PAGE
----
The speaker continues to talk about his friends’ wishes in line 9 and 10, as his friends bid him “seek in change of scene / The charms that others see.” The ‘charms’ that the speaker refers to in line 10 could potentially be referencing other women, as it is obvious that the speakers’ friends wish the speaker would move on from the forbidden ex-lover. Despite these wishes, we are told that it would be unsuccessful for the speaker to travel to new scenery in an attempt to forget his old love, as his friends would find “no change” (line 12) in him. The speaker admits to the readers through the depiction of nature, more specifically through the imagery of a valley with a “hawthorne tree,” that although he may not clearly remember where he and his old love met, he will never be able to forget her. The speaker makes this declaration through the question, “But how can I forget?” This question can be read in two ways, the first being in a declarative manner as a rhetorical question asserting that the speaker will never be able to forget his old lover, and the second being in the manner of an actual question, with the speaker inquiring as to how he might be able to forget this woman.
Natural imagery returns in the third stanza as the speaker begins to recall other things that bring back memories to him, such as a breeze on sunny hills, “the billows of the sea” (line 20), and the rosy color of the sky when the sun is setting. In line 24 we are reminded that these beautiful scenes of nature forbid the speaker to forget this forbidden woman. By making allusions to these scenes of nature, the speaker is most likely making a comparison of the beauty of nature to the beauty of the lost woman.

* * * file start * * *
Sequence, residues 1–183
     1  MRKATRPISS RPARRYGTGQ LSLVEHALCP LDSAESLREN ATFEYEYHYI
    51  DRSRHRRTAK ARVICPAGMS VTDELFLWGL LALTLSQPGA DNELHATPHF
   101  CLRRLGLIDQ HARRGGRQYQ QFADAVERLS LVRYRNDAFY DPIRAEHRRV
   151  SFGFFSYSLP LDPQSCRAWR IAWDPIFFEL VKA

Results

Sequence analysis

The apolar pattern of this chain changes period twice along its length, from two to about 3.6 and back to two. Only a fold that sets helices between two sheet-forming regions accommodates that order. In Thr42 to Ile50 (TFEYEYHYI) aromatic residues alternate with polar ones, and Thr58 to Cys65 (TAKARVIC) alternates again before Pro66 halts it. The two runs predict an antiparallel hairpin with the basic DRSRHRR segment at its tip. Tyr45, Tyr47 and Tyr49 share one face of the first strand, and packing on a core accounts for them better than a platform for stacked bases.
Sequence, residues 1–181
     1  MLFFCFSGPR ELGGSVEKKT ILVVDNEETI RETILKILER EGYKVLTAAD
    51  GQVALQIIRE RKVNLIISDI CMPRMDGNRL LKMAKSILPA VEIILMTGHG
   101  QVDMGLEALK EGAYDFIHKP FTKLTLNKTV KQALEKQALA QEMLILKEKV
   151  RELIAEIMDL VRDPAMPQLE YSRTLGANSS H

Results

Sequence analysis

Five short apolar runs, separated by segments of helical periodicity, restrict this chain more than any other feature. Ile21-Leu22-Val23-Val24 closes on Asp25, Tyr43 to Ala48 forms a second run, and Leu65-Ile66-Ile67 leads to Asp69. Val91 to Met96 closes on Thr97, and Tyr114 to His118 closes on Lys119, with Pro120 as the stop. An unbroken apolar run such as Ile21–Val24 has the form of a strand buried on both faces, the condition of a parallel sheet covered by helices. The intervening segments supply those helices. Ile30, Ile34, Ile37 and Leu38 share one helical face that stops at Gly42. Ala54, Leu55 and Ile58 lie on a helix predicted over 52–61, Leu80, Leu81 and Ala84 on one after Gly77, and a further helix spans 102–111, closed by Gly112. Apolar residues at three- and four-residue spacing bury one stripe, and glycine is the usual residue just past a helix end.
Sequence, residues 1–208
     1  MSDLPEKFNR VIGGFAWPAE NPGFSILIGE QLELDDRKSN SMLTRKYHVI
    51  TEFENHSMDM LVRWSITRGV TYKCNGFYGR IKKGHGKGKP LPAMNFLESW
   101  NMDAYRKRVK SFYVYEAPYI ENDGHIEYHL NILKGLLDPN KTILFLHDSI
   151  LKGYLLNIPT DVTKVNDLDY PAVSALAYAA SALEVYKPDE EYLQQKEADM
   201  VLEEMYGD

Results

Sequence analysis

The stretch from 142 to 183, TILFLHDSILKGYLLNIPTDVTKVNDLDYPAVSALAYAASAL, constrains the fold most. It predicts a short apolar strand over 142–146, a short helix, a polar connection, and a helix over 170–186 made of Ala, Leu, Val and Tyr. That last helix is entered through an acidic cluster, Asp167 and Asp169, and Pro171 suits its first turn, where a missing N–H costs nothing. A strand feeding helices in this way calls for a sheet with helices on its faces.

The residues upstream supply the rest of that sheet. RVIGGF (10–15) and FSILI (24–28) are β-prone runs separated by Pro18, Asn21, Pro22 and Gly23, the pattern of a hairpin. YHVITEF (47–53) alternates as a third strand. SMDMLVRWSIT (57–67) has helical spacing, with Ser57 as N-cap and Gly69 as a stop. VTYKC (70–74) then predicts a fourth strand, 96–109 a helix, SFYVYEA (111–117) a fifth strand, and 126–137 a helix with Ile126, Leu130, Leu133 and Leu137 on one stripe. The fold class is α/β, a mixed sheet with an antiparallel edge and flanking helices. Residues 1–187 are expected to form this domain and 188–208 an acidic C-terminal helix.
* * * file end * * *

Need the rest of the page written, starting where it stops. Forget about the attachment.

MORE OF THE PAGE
Throughout the poem we see the speaker make strong declarations that he will never be able to forget the woman that he once loved. In the first two stanzas, we are shown that the speaker’s friends attempt to help the speaker move on, with the speaker fooling them into thinking that he has, and potentially even fooling himself a little. Towards the end of the poem we not only see the most deviation in the metrical pattern but also see how the speaker may be trying to convince himself that this woman, whom he seems to be infatuated with, will also never forget the love that she once had for him. The fact that three of the stanzas are composed with the same alternating metrical pattern, with the exception of one line in that stanza, and that the last stanza roughly maintains this pattern, makes the four lines where the metrical pattern is broken really stand out. The four lines that break the metrical pattern of the poem read thus:
(7) And they win a smile from me
(27) They hint that she forgets me,
(29) Like me perhaps she struggles
(30) With each feeling of regret,
These four lines all build up to the subsequent line. Line 7 is when it is first demonstrated that the speaker is deceiving his friends and possibly himself into thinking that he has moved on from this woman. Line 27 tells the readers that the speaker has been told multiple times that the woman has moved on from him and forgotten him, yet we see the speaker ignore this in lines 29 and 30. In these two lines, we see what seems to be denial, as the speaker seems to believe that the forbidden woman is still hung up on him and experiences the same feelings of regret that he does. The use of the alternating metrical pattern of iambic tetrameter and iambic trimeter, along with the use of enjambments, generally allows for the poem to be read in a smooth manner. In the four lines where the alternating metrical pattern is broken, however, the smoothness of the poem is lost, and these four lines become awkward to read. This disconnect in smoothness may relate to the wishful and false excitement felt by the speaker as he seems to ignore all comments and advice by his friends in regards to the woman who should never be mentioned.
Coleman, Carla, and Angela Courtney. "Thomas Haynes Bayly." Nineteenth-Century British
Dramatists, vol. 344. Literature Resource Center,
u=viva_vpi&sid=LitRC&xid=ecd9c790. Accessed 3 Apr. 2019.
Main Page of "Oh no we never mention Her"
Biography of Thomas Haynes Bayly
Formal Description of "Oh no we never mention Her"